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College Towns As Investments

I'm a big fan of real esate investing strategies like these, where you pick a specific niche in the market and focus on owning rental properties in that one area.  There are always niche real estate market out there that will work, even durning a time when the economy is in a rough patch or a down turn.

A year ago, Jeff Shea began buying up rental properties around the University of Illinois at Urbana-Champaign, from which he had only recently graduated with a business major. Shea, 23, who lives in Chicago, owns three rental homes near campus, including a four-bedroom house he bought for $138,000 and rents to four students for $1,800 a month.

"It's the best time ever to buy houses," Shea said. "The rent is inflated because so many people go to school here."

Shea said he'd be happy if Champaign-Urbana prices took a dive so that he could buy even more. But college towns have remained relatively stable in this slumping real estate cycle. Students, university employees, and faculty keep apartments filled and form a steady stream of home buyers. And retirees and professionals flock to college towns because they're attracted to the lifestyle and cultural activities.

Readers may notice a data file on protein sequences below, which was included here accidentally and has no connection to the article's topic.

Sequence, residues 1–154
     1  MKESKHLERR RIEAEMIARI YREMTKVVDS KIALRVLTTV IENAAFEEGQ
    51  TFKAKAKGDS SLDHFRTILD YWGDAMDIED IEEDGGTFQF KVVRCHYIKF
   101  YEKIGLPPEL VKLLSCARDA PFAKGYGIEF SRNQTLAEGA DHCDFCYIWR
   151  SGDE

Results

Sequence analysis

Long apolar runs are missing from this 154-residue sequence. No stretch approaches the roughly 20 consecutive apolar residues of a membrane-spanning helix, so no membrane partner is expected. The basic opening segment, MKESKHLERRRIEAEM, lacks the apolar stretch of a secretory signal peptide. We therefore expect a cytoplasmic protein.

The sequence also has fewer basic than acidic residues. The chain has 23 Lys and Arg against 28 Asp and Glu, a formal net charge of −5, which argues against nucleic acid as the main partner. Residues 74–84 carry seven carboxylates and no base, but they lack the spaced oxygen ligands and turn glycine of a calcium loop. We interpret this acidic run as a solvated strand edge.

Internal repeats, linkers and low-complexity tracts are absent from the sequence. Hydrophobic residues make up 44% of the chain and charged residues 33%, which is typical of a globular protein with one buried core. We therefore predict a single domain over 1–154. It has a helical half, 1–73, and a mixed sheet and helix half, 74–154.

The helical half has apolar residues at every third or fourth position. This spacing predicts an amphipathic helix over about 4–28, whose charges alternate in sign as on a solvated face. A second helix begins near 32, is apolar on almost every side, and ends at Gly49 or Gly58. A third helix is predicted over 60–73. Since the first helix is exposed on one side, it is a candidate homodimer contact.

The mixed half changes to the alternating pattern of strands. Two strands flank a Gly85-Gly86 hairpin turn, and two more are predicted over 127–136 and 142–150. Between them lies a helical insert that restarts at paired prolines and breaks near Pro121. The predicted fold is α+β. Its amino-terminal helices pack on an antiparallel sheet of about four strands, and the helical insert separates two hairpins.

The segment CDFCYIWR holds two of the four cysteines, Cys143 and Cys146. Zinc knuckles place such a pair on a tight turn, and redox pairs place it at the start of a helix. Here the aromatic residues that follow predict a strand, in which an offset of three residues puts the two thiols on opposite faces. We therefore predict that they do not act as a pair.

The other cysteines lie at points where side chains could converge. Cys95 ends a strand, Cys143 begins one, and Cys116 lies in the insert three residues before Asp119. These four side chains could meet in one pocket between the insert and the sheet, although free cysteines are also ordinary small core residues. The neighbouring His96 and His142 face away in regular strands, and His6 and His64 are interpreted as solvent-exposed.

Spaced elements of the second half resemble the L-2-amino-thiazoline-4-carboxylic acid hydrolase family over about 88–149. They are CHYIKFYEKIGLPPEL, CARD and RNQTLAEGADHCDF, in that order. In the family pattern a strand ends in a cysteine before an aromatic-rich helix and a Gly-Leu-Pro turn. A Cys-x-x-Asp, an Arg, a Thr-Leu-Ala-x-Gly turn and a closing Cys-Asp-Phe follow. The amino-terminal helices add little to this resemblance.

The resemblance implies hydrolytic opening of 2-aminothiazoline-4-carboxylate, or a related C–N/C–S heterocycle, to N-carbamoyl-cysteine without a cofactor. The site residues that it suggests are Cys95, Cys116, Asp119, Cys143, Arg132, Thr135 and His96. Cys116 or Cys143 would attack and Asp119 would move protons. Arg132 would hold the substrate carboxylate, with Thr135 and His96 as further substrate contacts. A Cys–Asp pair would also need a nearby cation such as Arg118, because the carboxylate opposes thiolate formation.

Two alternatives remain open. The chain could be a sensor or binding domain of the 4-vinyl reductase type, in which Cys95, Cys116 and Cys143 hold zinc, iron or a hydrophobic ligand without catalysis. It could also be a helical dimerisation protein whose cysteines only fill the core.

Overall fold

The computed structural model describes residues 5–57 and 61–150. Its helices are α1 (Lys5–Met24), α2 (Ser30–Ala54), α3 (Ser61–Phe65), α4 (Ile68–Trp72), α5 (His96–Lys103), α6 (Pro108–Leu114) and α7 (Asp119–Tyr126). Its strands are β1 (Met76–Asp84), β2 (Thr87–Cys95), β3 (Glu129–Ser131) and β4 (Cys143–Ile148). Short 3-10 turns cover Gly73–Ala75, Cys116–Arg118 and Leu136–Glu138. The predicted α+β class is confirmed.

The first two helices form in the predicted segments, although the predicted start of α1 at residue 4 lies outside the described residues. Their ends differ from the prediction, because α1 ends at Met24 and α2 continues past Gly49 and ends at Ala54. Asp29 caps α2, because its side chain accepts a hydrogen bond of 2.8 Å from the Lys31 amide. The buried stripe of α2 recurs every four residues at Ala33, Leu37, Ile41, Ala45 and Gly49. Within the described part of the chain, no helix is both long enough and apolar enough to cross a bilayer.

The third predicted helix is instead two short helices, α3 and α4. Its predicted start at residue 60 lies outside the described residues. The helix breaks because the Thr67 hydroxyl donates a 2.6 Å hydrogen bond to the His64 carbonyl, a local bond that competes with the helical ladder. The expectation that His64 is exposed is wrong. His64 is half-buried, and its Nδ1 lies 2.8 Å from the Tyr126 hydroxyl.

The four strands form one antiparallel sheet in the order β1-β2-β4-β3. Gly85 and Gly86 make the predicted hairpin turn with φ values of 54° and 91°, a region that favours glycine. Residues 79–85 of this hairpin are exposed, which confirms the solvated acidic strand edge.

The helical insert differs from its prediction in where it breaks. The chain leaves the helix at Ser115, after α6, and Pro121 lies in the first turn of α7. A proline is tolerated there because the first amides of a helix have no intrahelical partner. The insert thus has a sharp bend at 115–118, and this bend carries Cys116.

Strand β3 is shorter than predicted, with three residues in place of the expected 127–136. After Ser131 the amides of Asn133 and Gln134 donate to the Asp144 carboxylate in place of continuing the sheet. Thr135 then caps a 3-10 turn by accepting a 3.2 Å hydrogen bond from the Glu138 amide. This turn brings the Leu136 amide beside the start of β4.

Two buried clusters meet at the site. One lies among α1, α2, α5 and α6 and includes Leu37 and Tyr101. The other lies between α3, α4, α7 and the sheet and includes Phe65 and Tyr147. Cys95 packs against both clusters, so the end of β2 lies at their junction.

Recession-Resistant Markets

Enrollments -- especially at large public universities -- are growing as more children of baby boomers (so-called echo boomers) graduate from high school. At cash-strapped public universities, dorm beds are limited and students are often forced to find private housing after freshman year, says Michael Zaransky, author of Profit by Investing in Student Housing (Kaplan Publishing 2006) and co-CEO of Northbrook (Ill.)-based Prime Property Investors, which invests in student housing.

"It's a resilient market and seems to be fairly recession-proof," Zaransky says.

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However, remember, when you are buying a property that you're going to rent out to students, make sure you pick the student who wants to go to medical school and will be studying all the time and not the group of guys who are more interesting in playing beer pong every night.

Also, the turn over rate is going to be high, as in nearly every college semester, so if you want to focus on a real estate niche with more long term renters, think about an age restricted condo community, where most of the tenants are retired and won't be leaving every few years.

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